“when the boys pull your hair and push you to the ground
I promise not to tell you that it’s because they like you.
when the teachers call home to tell me that
you pushed them to the ground in return
I’ll take you out of school early and buy
you your favorite ice cream.
when you get older and the boys
try to touch you when you don’t want to be touched
I’ll look at you like the sun when you come home
with anger in your fists.
they all tell you not to fight fire with fire
but that is only because they are afraid of your flames.
when the boys yell after you like hyenas
you yell back, baby.
I will not teach you to be afraid of your anger
so that you look for it in others.
I will not make you be the better person
because you already are.
you wanna fight ‘em? fight ‘em.
don’t you dare apologize for the fierce love
you have for yourself
and the lengths you go to preserve it.
when the boys try to tell you to soften up
I hope you make them bleed with your edges.
I hope you remember that you are not theirs
that their disappointment in you is not yours.
when the boys come to your door with pretty words and
I hope you show them the anger in yours.
I hope you show them just how strong your mommy
thinks you are.
I hope you show them the animal they can’t always
see in their own reflection.
when the boys come with the intention of hurting you
my advice will always stay the same, my darling:
give ‘em hell.”—
Two weeks ago a man in France was arrested for raping his daughter. She’d gone to her school counselor and then the police, but they needed “hard evidence.” So, she videotaped her next assault. Her father was eventually arrested. His attorney explained, “There was a period when he was unemployed and in the middle of a divorce. He insists that these acts did not stretch back further than three or four months. His daughter says longer. But everyone should be very careful in what they say.” Because, really, even despite her seeking help, her testimony, her bravery in setting up a webcam to film her father raping her, you really can’t believe what the girl says, can you?
Everyone “knows” this. Even children.
Three years ago, in fly-on-the-wall fashion of parent drivers everywhere, I listened while a 14-year-old girl in the back seat of my car described how angry she was that her parents had stopped allowing her to walk home alone just because a girl in her neighborhood “claimed she was raped.” When I asked her if there was any reason to think the girl’s story was not true, she said, “Girls lie about rape all the time.” She didn’t know the person, she just assumed she was lying…
No one says, “You can’t trust women,” but distrust them we do. College students surveyed revealed that they think up to 50% of their female peers lie when they accuse someone of rape, despite wide-scale evidence and multi-country studies that show the incident of false rape reports to be in the 2%-8% range, pretty much the same as false claims for other crimes. As late as 2003, people jokingly (wink, wink) referred to Philadelphia’s sex crimes unit as “the lying bitch unit.” If an 11-year-old girl told an adult that her father took out a Craigslist ad to find someone to beat and rape her while he watched, as recently actually occurred, what do you think the response would be? Would she need to provide a videotape after the fact?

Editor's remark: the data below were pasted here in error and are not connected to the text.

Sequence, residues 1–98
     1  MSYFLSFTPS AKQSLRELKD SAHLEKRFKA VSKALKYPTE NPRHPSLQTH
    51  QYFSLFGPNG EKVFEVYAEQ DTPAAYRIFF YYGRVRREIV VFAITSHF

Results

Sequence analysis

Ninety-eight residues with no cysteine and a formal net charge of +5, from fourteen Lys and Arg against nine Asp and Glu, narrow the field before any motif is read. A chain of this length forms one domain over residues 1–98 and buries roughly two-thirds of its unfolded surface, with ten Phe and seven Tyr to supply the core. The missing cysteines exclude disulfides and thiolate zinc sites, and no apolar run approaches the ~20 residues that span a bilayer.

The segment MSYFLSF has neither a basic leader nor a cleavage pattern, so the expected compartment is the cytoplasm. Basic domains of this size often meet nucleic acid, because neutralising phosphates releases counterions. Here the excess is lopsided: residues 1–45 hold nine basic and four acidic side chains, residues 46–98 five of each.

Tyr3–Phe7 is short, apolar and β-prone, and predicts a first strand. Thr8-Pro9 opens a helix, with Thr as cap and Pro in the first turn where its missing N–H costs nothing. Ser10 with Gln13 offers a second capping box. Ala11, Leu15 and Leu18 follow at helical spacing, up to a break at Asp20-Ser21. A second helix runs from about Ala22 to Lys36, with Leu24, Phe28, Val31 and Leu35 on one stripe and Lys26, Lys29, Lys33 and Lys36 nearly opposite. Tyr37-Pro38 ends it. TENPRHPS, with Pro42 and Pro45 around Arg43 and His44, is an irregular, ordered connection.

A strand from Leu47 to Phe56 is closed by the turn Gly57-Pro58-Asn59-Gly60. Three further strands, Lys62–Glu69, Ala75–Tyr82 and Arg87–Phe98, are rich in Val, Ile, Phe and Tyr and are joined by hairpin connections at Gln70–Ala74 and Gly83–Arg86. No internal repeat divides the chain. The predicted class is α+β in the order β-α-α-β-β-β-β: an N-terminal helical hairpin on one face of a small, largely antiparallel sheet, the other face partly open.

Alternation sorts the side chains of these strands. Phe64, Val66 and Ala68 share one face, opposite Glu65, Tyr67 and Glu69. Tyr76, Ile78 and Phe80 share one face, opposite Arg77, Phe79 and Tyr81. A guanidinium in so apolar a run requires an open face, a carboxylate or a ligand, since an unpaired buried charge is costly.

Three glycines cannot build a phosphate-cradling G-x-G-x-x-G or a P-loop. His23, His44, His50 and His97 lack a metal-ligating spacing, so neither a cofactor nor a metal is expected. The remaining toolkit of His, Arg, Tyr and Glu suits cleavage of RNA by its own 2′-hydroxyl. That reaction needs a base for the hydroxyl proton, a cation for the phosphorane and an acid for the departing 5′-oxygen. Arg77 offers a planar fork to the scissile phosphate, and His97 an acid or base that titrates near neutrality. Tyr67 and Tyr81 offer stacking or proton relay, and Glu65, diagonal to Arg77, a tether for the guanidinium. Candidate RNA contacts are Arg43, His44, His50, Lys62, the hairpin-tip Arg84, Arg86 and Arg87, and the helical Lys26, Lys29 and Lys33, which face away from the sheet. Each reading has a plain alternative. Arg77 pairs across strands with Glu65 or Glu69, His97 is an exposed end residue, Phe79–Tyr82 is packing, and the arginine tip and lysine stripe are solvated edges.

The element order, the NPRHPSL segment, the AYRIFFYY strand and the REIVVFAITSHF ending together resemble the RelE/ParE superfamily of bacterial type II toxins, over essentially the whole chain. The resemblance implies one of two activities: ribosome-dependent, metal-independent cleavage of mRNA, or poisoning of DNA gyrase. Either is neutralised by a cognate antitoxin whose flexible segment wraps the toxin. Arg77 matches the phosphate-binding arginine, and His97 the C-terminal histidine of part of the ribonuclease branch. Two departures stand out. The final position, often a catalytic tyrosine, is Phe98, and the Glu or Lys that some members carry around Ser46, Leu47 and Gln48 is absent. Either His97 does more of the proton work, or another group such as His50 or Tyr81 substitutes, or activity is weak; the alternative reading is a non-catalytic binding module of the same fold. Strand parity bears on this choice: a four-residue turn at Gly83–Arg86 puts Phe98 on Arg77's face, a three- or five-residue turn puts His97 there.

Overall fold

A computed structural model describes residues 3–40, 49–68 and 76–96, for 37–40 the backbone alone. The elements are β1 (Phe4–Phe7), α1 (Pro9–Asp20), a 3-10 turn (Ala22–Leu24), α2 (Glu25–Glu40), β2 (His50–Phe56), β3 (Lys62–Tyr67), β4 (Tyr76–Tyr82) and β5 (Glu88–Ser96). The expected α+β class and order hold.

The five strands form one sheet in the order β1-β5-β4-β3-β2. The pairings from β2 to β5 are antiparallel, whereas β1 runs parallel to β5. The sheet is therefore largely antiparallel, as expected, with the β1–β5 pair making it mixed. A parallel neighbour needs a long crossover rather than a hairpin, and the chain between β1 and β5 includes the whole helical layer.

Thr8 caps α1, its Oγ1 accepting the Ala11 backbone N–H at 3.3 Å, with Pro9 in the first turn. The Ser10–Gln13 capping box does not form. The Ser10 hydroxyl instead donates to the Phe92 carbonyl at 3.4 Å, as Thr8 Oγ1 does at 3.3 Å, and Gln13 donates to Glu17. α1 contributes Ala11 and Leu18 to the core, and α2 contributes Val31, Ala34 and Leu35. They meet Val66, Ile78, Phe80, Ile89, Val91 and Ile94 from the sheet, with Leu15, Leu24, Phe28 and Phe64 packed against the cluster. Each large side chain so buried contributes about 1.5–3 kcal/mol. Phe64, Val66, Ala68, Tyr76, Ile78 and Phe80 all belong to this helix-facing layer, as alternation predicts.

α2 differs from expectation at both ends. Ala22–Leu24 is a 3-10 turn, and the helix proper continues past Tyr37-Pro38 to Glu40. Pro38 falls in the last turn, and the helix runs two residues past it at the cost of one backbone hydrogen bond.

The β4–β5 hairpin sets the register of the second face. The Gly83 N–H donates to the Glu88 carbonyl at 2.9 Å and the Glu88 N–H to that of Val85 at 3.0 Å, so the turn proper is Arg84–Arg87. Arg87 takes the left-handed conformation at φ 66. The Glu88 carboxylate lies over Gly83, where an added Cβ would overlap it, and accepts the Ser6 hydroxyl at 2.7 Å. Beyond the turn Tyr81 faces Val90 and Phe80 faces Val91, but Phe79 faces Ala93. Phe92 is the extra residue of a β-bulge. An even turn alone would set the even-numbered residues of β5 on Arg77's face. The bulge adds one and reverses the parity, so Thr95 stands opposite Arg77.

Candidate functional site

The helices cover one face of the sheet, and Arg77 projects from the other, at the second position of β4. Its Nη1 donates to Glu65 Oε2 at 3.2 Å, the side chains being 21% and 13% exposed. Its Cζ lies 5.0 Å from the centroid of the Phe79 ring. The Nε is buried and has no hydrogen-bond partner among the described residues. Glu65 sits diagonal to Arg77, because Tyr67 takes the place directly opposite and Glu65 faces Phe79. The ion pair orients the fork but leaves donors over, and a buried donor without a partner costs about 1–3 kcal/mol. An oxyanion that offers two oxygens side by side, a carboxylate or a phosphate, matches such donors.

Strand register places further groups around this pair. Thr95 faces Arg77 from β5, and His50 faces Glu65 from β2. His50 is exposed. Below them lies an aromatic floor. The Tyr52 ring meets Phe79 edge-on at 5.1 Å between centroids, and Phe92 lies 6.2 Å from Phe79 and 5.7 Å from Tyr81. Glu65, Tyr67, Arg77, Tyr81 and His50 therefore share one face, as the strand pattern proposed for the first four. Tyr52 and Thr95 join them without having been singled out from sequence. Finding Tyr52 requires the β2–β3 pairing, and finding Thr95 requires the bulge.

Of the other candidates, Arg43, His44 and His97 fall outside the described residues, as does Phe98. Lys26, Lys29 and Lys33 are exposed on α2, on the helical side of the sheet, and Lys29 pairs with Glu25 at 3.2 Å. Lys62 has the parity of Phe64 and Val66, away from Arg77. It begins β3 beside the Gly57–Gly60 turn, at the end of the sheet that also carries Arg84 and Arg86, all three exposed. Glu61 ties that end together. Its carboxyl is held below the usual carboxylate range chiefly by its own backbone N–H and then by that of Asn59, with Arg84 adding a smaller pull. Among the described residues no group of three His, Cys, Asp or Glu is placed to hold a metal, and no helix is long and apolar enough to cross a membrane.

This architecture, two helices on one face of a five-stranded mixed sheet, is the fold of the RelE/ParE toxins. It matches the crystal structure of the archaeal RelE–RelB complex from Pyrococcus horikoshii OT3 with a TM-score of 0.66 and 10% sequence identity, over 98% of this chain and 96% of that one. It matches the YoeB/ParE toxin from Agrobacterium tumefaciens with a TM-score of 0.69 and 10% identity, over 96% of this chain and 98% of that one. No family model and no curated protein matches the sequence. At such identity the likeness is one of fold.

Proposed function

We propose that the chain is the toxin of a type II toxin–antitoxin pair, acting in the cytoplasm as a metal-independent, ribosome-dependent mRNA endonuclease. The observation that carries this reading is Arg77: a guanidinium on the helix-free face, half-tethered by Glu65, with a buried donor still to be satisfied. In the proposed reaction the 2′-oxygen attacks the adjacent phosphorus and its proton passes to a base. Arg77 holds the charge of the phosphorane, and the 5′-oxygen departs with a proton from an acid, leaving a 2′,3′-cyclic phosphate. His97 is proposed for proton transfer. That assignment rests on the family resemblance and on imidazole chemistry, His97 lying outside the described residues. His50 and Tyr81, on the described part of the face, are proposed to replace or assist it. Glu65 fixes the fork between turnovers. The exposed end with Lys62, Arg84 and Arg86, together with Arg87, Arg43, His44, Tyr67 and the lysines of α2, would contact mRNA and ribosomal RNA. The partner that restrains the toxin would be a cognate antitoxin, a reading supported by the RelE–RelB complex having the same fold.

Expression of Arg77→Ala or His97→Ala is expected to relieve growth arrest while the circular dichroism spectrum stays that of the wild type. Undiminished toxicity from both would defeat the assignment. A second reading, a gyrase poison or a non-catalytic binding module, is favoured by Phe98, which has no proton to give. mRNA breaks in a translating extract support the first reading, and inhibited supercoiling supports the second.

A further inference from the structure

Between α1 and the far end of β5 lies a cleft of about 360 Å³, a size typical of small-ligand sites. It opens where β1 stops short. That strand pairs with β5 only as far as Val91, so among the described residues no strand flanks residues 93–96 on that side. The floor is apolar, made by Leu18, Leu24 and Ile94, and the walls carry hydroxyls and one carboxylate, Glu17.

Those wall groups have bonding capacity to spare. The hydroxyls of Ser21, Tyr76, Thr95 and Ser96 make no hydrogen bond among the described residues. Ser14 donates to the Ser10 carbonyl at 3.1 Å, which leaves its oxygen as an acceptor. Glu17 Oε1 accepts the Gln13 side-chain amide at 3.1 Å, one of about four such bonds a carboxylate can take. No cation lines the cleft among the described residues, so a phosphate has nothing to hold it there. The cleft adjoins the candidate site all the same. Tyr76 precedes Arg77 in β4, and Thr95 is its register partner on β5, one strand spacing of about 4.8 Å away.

It goes way beyond sexual assault as well. That’s just the most likely and obvious demonstration of “women are born to lie” myths. Women’s credibility is questioned in the workplace, in courts, by law enforcement, in doctors’ offices, and in our political system. People don’t trust women to be bosses, or pilots, or employees. Pakistan’s controversial Hudood Ordinance still requires a female rape victim to procure four male witnesses to her rape or risk prosecution for adultery. In August, a survey of managers in the United States revealed that they overwhelmingly distrust women who request flextime. It’s notable, of course, that women are trusted to be mothers—the largest pool of undervalued, unpaid, economically crucial labor.
“Today, as you see whitewashed images of a post-prison, unarmed, grandfatherly Mandela, please remember that he was someone who had the pride and courage to take up arms against his oppressor. Mandela fought in a guerilla war against white supremacy in South Africa, as did many others all across the world. Our own CIA alerted the SA authorities to Mandela’s location, which is what led to his 27 years behind bars and the medical condition which felled him today. Our government was responsible for that crime, and still holds our own anti-apartheid militants behind bars. So when you see Obama crying his crocodile tears later today remember that he would imprison a modern Mandela, that he arms the apartheid government of Israel, that he refuses to pardon those who fought against the corporations propping up the South African government here in the US, and that he has done everything he can to crush the kind of dissent that Mandela stood for.”—(via angry-hippo)
St. Vincent, the performance moniker of singer/songwriter and guitarist Annie Clark, will release her fourth studio album on February 25 via Republic Records according to her new label’s 2014 release schedule. The upcoming project, the followup to her 2011 album Strange Mercy, is currently listed as self-titled though that may change with an official release announcement from Clark and Republic. Check out a snippet of some new music in the youtube video announcing her European tour below. Lead track from the new album will be Birth In Reverse.